Nested and Recursive Triggers in SQL Server
By: Daniel Farina
In this chapter I will introduce the concepts of nested and recursive triggers and we will see how to create a nested trigger in SQL Server.
A Word about Nested Triggers and Trigger Recursion
When a trigger, during its execution, fires another trigger it's said to be a nested trigger. This could happen in both DML and DDL type triggers. There is a particular case of nested triggers, recursive triggers on which any of the triggers on the nesting chain are fired twice. What I want to emphasize is that nested triggers are not necessarily recursive triggers.
In order to use nested triggers in your SQL Server instance, you must configure it to allow them by setting the "nested triggers" configuration option to 1 as shown in the code section below.
EXEC sp_configure 'show advanced options', 1; GO RECONFIGURE; GO EXEC sp_configure 'nested triggers', 1; GO RECONFIGURE; GO
At this point you have allowed nested triggers in your instance, but if you want to enable recursive triggers you need these additional steps.
To allow server trigger recursion you need to set the "server trigger recursion" option to 1.
EXEC sp_configure 'show advanced options', 1; GO RECONFIGURE; GO EXEC sp_configure 'server trigger recursion', 1; GO RECONFIGURE; GO
To allow recursive triggers in a given database you have to set the database option RECURSIVE_TRIGGERS to ON as follows.
ALTER DATABASE SampleDB SET RECURSIVE_TRIGGERS ON; GO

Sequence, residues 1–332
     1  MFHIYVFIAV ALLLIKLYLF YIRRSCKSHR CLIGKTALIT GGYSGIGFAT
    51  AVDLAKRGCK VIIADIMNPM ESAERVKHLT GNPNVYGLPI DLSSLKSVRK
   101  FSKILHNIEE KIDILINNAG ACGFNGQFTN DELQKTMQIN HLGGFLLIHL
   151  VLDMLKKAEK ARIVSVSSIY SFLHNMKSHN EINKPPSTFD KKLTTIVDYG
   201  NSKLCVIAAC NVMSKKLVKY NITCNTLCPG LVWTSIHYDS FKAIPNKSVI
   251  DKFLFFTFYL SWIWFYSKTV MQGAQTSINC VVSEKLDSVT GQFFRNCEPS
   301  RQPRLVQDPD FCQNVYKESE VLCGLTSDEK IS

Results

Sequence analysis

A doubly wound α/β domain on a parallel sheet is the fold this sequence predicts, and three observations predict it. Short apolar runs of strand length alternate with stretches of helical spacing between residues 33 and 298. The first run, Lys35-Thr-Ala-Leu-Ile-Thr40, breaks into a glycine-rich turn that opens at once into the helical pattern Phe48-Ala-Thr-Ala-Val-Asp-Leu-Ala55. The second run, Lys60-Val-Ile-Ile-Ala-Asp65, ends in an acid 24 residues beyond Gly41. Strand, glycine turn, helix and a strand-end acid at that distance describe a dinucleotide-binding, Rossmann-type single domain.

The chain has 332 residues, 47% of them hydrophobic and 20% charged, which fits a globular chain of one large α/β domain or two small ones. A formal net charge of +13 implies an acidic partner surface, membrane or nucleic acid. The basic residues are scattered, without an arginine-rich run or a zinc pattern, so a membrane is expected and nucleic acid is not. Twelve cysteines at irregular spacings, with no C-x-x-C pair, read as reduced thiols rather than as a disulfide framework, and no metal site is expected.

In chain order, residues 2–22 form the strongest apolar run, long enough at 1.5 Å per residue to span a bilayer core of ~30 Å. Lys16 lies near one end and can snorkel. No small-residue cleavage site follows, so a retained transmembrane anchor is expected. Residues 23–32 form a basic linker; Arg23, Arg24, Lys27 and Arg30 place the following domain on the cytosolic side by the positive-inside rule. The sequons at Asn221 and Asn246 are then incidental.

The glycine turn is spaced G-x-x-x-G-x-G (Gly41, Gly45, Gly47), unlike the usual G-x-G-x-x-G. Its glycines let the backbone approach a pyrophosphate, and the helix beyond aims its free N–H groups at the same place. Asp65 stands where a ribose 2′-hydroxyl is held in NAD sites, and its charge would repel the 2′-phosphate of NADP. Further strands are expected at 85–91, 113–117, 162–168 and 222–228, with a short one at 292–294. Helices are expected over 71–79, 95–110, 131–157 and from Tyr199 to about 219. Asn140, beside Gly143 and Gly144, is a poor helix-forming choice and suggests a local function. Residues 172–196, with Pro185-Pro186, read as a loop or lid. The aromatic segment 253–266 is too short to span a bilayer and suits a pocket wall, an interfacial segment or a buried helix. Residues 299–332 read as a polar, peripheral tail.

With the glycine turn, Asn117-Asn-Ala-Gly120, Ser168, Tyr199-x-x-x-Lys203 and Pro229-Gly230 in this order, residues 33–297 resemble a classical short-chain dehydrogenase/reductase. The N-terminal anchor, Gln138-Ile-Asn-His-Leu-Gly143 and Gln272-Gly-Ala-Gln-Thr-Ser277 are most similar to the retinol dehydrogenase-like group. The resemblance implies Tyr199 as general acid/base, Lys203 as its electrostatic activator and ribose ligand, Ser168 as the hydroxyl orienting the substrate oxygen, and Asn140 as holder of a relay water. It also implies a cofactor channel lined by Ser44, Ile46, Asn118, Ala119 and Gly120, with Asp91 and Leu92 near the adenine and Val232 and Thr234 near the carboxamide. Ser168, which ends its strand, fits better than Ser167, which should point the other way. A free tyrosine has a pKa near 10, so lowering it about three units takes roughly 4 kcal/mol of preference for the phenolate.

Something to keep in mind is that to avoid the risk of infinite loops, SQL Server has a maximum of 32 levels of nesting (and therefore recursion).
Sample Test Scenario
Now let's create a nested trigger using the code from the previous chapter of this tutorial. Below is the code with the addition of table NestingTestLog.
CREATE TABLE NestingTest ( NestingTestID INT IDENTITY(1, 1), Test INT NULL ); CREATE TABLE NestingTestLog ( NestingTestLogID INT IDENTITY(1, 1), NestingTestID INT NULL, Test INT NULL, Operation VARCHAR(15) NOT NULL, OpDate DATETIME NOT NULL ); GO
Now take a look at what I changed in the code for the TR_IUD_NestingTest trigger. Besides inserting into NestingTestLog table I removed the print @Operation variable. Instead, I am printing a message at the beginning and end of the trigger's code that will allow us to see clearly when the trigger starts and ends execution.
CREATE OR ALTER TRIGGER TR_IUD_NestingTest ON NestingTest FOR INSERT, UPDATE, DELETE AS DECLARE @Operation VARCHAR(15) PRINT 'BEGIN TR_IUD_NestingTest execution...' IF EXISTS (SELECT 0 FROM inserted) BEGIN IF EXISTS (SELECT 0 FROM deleted) BEGIN SELECT @Operation = 'UPDATE' END ELSE BEGIN SELECT @Operation = 'INSERT' END ENDELSE BEGIN SELECT @Operation = 'DELETE' END INSERT INTO dbo.NestingTestLog ( NestingTestID, Test, Operation, OpDate ) SELECT D.NestingTestID, D.Test, @Operation, GETDATE() FROM Deleted D; PRINT 'END TR_IUD_NestingTest execution...' GO
Additionally, on the dbo.NestingTestLog table let's create the TR_IUD_NestingTestLog trigger. In order to make things simple, this trigger won't do anything but print a message.
CREATE OR ALTER TRIGGER TR_IUD_NestingTestLog ON dbo.NestingTestLog FOR INSERT, UPDATE, DELETE AS PRINT 'BEGIN TR_IUD_NestingTestLog execution...' PRINT 'Here goes some processing stuff' PRINT 'END TR_IUD_NestingTestLog execution...'
In the next code section you will find a script to test these nested triggers.
INSERT INTO dbo.NestingTest (Test) VALUES (0); UPDATE dbo.NestingTest SET Test = 1 WHERE NestingTestID = 1; DELETE FROM dbo.NestingTest WHERE NestingTestID = 1;
As you can see on the next screen capture, I divided the output of each statement in rectangles with distinct colors. You will see that there are two "rows affected" outputs for each statement execution. The first represents the rows inserted in NestingTestLog table and the other tells the rows affected by the DML statement in the NestingTest table.
- Forcing Trigger Firing Order in SQL Server
- SQL Server System Configuration Values
- How to allow Ad hoc updates in SQL Server system catalogs
- Quickly identify non-default sp_configure values for a SQL Server instance
Last Update: 8/2/2021